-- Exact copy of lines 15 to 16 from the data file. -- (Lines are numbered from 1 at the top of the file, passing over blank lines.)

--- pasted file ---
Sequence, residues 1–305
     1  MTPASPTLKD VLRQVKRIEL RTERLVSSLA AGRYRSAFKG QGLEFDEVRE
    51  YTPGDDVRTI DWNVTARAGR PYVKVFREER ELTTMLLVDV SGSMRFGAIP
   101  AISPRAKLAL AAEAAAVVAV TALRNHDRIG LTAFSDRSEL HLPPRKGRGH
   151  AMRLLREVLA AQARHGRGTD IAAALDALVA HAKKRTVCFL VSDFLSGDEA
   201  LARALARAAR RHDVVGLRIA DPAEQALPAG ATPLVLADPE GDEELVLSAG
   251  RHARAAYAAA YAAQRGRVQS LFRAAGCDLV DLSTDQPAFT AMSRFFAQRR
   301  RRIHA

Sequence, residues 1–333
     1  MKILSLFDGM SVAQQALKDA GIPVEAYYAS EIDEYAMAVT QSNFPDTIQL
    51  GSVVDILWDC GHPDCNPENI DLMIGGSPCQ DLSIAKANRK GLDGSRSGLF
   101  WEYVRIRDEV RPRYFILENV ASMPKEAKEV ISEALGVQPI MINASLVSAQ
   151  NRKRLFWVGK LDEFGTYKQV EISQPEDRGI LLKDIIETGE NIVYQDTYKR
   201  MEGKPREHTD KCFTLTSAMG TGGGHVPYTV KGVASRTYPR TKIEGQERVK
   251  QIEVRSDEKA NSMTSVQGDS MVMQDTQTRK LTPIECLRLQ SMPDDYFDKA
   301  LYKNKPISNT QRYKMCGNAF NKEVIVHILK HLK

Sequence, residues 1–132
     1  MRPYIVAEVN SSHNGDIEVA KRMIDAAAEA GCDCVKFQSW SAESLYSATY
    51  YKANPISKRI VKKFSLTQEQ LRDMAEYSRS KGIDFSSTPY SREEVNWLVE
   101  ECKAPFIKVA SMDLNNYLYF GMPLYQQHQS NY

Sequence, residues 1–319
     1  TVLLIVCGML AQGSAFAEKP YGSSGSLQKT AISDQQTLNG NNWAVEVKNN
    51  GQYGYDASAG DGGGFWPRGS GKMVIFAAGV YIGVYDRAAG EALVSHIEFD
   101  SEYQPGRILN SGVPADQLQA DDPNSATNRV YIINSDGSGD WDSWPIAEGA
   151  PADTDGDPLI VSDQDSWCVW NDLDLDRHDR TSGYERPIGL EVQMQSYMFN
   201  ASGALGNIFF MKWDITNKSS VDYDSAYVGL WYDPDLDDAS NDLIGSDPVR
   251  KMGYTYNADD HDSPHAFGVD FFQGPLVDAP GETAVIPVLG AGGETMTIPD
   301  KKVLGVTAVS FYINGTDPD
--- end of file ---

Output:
   251  QIEVRSDEKA NSMTSVQGDS MVMQDTQTRK LTPIECLRLQ SMPDDYFDKA
   301  LYKNKPISNT QRYKMCGNAF NKEVIVHILK HLK